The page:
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Joel Greenblatt on Special Situations: In-Depth Class Notes


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  • 3 weeks later...
  • 3 years later...

A special situation that I like right now (altough mr. Greenblatt may not approve since it's merger arbitrage) is GNW. At the time of announcement of the sale of its business, the market valued its operations at $5.50 per share (and on an upward trend). But the company announced a sale at $5.25 - below the market value at the time. The share price cratered pretty hard to create a synthetic spread. The company's operations improved drastically in the past couple quarters, since the original announcement, which has also not been reflected in the share price.


So you flip a coin where you earn a 60% spread if the merger ends up closing, or about as much if it doesn't and the market value rerates back to what it was (possibly more, given the improvement in results). Nobody wants to touch it because it's a big huge insurance black box with tons of moving parts, and they are selling to a Chinese company to boot. Thing is, the market already told you what it is willing pay for the business without a merger in place, and that is your downside...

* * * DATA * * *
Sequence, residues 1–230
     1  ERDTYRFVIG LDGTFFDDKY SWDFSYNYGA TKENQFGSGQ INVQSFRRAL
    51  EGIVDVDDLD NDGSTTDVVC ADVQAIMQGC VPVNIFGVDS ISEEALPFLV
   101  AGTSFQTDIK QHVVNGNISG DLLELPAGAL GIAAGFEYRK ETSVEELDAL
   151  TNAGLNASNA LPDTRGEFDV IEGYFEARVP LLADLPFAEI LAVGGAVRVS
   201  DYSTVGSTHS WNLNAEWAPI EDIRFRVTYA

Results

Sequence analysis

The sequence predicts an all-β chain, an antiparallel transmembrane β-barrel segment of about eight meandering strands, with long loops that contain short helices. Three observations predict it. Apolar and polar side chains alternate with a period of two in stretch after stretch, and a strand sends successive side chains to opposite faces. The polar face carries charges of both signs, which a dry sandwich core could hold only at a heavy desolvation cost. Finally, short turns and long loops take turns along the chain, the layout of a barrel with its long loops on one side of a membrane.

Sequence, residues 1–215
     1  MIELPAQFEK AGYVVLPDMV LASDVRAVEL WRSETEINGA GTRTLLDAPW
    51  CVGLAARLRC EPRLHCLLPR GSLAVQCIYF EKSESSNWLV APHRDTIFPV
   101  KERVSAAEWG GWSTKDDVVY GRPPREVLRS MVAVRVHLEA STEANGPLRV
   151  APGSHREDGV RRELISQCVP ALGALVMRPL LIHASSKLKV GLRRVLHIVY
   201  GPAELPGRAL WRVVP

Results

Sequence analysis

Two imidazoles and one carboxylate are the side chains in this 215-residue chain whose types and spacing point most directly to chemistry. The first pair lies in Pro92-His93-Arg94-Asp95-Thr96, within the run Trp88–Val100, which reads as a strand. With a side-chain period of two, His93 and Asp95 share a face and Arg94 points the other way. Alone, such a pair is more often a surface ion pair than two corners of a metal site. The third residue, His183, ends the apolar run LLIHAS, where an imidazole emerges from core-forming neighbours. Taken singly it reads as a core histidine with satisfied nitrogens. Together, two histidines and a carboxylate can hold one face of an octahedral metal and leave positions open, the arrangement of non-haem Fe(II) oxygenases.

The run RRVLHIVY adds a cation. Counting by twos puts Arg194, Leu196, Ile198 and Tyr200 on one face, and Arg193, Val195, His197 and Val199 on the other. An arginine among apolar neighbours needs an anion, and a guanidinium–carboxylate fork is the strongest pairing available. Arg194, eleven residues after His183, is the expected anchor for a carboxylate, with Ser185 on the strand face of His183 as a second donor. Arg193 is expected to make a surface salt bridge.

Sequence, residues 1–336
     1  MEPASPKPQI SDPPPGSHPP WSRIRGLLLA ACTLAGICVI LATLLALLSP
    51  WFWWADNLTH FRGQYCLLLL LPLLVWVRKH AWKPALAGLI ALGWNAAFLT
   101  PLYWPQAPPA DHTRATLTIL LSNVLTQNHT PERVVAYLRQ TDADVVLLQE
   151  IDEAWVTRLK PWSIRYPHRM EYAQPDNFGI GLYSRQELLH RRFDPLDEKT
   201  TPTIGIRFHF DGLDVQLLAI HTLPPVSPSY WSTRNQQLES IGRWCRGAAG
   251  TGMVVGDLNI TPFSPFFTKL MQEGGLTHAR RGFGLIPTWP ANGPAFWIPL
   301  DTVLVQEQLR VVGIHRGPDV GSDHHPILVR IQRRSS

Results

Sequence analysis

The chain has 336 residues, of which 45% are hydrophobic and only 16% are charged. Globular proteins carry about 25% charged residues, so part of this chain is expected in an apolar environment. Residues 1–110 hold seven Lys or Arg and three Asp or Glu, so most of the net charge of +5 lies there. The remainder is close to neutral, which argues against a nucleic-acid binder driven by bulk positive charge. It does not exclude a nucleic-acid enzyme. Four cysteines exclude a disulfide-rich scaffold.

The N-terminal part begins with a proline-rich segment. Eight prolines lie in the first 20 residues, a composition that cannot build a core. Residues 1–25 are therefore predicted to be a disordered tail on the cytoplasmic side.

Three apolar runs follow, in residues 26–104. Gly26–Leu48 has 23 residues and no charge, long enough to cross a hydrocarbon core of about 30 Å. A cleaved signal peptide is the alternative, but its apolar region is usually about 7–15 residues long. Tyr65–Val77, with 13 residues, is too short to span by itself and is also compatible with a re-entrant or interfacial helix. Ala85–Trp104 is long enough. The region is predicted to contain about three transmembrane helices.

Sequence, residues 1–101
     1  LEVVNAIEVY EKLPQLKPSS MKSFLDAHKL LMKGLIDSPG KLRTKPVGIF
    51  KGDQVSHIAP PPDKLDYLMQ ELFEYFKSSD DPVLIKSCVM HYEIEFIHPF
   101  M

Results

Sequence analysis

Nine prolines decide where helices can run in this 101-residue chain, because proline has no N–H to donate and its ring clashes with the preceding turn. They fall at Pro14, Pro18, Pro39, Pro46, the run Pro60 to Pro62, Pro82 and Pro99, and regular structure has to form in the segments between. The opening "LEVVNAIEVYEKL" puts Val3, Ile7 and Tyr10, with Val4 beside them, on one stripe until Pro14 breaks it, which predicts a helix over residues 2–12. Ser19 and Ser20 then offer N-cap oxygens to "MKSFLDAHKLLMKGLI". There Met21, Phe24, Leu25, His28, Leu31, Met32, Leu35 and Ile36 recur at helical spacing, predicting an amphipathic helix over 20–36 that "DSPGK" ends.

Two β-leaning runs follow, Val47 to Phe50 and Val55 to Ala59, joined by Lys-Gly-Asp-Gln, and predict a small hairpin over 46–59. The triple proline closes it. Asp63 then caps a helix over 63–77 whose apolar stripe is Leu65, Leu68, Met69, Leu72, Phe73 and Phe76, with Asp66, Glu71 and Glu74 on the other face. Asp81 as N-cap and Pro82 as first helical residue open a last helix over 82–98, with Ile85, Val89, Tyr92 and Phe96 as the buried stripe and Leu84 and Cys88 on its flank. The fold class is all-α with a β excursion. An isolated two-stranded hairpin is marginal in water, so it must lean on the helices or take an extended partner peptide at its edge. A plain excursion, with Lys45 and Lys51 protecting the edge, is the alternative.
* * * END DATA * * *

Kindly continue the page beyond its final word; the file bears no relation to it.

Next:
You can be a stock market genius was by far my favorite book on investing, and I wish he'd put out more books of his battle stories.

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